While much has been stripped out of the end-of-year copyright bill that passed the Senate over the weekend S. 3021 (pdf), much that’s harmful remains. Particularly egregious is a provision that hasn’t gotten much attention, the “Fraudulent Online Identity Sanctions Act.” Ostensibly aimed at infringers who hide behind false domain name registrations, the provision seriously penalizes those who merely want to protect their privacy.
Because there’s no way to opt-out of publication of private address information in the WHOIS database when you register a domain name, your choices are to expose your address and phone number; use a possibly unreliable intermediary; or fake it. Unfortunately, if you choose the last option and FOISA passes, you’ll now be presumed to be a willful infringer of copyright or trademark. A critic who makes liberal use of a company trademark, or a commentator who quotes a chunk from another’s text, both now face a much steeper hurdle in their fair use defenses.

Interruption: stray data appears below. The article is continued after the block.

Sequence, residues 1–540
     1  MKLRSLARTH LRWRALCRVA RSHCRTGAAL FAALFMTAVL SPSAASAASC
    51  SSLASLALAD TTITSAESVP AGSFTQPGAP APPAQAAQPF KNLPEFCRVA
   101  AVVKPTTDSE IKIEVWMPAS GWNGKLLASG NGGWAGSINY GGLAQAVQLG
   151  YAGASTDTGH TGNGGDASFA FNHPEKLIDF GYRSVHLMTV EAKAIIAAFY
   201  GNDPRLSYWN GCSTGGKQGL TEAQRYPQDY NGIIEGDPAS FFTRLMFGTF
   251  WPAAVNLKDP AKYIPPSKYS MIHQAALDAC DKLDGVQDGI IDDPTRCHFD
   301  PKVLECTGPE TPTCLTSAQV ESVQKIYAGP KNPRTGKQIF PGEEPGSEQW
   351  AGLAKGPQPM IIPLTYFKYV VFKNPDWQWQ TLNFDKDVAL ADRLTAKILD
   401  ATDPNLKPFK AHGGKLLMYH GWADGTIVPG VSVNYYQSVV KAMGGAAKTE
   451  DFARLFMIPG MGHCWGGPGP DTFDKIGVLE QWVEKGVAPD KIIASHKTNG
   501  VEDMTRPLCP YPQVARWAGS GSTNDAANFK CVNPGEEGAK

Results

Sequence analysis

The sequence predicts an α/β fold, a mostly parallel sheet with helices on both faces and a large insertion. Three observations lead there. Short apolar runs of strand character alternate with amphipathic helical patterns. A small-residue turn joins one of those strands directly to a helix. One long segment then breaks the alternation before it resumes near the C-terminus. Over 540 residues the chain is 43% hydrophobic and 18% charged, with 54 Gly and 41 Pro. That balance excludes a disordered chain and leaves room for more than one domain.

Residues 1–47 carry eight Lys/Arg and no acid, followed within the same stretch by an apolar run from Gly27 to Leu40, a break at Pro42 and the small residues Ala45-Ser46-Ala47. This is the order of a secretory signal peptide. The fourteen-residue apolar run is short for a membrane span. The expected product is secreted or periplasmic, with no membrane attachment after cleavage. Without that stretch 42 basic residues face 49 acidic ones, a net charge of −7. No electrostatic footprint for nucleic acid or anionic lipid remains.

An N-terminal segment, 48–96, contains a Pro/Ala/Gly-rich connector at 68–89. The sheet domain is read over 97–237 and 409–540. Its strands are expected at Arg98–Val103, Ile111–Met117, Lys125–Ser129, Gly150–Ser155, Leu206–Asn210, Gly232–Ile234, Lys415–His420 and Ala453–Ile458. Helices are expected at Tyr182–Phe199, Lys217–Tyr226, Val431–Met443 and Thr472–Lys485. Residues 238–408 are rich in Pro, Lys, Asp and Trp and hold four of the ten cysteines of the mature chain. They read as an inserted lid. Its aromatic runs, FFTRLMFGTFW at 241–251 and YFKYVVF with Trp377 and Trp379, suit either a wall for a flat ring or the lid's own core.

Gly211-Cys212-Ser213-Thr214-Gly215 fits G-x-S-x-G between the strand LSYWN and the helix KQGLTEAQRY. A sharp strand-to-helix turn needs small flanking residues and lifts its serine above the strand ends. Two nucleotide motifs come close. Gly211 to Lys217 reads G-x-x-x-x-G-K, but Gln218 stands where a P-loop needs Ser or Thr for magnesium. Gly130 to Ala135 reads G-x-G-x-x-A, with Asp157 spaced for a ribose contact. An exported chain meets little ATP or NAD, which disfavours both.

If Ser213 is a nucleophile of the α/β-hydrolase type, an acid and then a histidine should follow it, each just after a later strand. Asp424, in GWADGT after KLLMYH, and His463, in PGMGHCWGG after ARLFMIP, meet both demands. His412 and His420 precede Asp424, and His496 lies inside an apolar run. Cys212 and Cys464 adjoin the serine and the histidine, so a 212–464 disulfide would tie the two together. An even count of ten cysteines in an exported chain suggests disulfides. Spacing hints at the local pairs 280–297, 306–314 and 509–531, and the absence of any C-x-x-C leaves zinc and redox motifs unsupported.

Also in the bill are criminal penalties for making available a single “pre-release” work and for recording a movie while it’s playing in a theater. I’m not arguing that this infringement is right, but it’s not the kind of thing we should be sending kids to jail for, either.
The bill adds an entirely new Title VII, “Professional Boxing Safety.” Since the whole thing still has to pass the House, let’s hope someone there finds this objectionable enough to KO the bill.